In FIG. 1, wet flue gas enters the inlet port (2) of the adiabatic separator vessel (1) driven by the pressure differential P1 -P2 existing between higher pressure (P1) of the inlet port (2) and lower pressure (P2) of the exit port (3), so that the inlet port (2) and the exit port (3) are at the same end of the separator vessel (1).
Inside the separator vessel (1), the flue gas flows towards the collecting chamber (4) located at the opposite end of the separator vessel (1), guided sinusoidally by internal baffles (5) (see also FIG. 3) which also hold a bank of straight tubes (6) in place. As a whole, the tubes (6) are preferably disposed, equidistantly from each other, in a cylindrical array (see FIGS. 3 and 4).
Upon exposure to the cold outer surface (7) of the tubes (6), the moisture contained in the flue gas flowing inside the vessel (1) precipitates and trickles down to the bottom of the vessel (1), whose floor preferably slopes towards the condensate outlet (12). The condensate (13) collected in the bottom part of the separator vessel (1) generally follows the flow direction of the flue gas and eventually may be discharged from the vessel (1) through the condensate outlet (12).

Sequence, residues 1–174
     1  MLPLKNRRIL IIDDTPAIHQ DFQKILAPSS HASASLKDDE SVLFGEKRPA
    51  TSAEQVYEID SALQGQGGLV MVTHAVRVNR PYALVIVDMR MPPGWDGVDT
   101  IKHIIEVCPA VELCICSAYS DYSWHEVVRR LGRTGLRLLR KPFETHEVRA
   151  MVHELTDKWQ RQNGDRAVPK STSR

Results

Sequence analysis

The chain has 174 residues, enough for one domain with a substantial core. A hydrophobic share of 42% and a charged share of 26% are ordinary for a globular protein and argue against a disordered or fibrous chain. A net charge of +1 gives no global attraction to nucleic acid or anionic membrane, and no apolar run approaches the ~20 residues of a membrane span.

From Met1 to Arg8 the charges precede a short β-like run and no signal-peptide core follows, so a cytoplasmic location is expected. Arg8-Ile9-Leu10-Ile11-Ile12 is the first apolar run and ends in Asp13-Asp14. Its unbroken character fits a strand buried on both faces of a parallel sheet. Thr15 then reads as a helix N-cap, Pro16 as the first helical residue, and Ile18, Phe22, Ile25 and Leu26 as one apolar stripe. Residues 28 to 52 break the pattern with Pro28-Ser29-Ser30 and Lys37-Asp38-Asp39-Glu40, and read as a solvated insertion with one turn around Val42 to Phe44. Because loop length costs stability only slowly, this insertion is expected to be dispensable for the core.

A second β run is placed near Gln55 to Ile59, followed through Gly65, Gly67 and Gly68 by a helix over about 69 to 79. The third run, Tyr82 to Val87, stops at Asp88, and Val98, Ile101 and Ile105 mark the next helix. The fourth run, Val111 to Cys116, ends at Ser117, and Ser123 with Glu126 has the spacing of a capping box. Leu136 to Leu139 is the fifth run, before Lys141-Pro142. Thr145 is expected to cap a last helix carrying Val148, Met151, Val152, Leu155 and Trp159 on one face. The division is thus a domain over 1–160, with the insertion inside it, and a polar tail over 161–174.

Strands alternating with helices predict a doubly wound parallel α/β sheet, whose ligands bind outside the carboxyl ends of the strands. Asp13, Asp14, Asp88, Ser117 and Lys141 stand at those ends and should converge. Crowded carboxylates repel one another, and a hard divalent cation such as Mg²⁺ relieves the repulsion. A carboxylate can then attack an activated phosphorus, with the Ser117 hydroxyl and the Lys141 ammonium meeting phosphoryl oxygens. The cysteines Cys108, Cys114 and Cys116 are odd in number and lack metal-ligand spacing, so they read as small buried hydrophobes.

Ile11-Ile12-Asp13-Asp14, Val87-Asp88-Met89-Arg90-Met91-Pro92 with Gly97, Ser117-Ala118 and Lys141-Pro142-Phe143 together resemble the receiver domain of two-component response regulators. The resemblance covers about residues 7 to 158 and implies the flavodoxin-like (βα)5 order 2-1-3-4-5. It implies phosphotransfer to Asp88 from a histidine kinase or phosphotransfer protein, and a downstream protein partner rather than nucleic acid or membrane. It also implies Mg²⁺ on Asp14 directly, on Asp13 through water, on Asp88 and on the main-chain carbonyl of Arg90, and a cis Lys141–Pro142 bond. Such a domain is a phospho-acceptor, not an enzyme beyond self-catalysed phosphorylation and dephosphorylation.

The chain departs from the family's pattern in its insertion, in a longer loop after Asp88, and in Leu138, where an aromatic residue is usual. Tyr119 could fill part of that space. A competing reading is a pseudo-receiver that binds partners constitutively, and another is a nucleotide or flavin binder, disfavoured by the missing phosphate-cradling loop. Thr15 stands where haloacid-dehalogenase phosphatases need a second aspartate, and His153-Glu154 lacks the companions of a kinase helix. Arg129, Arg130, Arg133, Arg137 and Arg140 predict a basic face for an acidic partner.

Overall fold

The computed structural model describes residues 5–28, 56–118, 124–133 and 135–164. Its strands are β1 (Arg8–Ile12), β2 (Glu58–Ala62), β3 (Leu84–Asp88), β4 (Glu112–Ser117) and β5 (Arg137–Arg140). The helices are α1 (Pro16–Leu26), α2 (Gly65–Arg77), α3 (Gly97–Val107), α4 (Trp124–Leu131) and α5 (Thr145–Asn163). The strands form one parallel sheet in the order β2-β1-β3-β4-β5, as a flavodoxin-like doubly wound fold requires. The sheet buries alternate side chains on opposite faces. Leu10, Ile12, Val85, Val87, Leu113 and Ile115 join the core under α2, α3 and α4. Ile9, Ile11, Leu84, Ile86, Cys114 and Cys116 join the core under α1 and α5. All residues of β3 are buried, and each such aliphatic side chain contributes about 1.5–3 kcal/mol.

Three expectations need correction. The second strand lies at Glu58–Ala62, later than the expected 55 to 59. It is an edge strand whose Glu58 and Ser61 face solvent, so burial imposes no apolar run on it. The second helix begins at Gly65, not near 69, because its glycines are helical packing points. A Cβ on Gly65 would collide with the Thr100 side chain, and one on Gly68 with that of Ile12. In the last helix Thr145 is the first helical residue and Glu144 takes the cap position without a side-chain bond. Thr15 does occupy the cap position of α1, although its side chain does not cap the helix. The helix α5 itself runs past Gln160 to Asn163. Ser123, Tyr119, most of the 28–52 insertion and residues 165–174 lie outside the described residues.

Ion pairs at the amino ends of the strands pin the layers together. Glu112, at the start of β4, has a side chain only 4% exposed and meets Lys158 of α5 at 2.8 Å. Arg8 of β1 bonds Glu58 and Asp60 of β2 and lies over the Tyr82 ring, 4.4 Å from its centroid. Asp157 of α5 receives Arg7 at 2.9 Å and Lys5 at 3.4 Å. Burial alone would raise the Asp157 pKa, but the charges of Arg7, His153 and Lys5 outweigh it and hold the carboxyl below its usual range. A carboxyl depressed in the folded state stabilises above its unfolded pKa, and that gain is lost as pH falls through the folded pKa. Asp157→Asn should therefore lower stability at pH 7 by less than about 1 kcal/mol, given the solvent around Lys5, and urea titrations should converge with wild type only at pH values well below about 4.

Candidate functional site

Upon reaching the collecting chamber (4), the single stream of flue gas devoid of most of its moisture content and sulphur dioxide divides into a multitude of streams (FIG. 2), prior to entering internal passages (8, 9, 10) of the tubes (6) referring now to FIG. 5. Each tube (6) preferably has an inlet end (8) of gradually reducing diameter, an outlet end (10) of gradually increasing diameter and a central portion (9) of constant but reduced interior diameter. Low velocity gas (V1) enters the inlet end (8) of the tube (6) rapidly accelerating to velocity V2. A maximum velocity (V3) is attained in the central portion (9) of the tube (6), with a corresponding drop in static temperature as a result of partial conversion of the flue gas' internal energy into kinetic energy.
The internal surface (14) of the tube (6) being directly exposed to high velocity (V3) low temperature flue gas, cools down. By the process of thermal conduction, the outer surface (7) of the tubes (6) cools down as well, providing the necessary "heat sink" for the fresh quantities of moist flue gas entering the inlet port (2) of the condenser vessel (1).
Towards the end of the central portion (9) of each tube(6), a high velocity gas (V3) enters the diffuser section (10) of the tube (6), rapidly decelerating i.e. losing velocity (V4) to reach its final velocity (V5).
Upon reaching the outlet port (3), dried flue gas is subsequently discharged from the separator to the stack, and eventually to the atmosphere.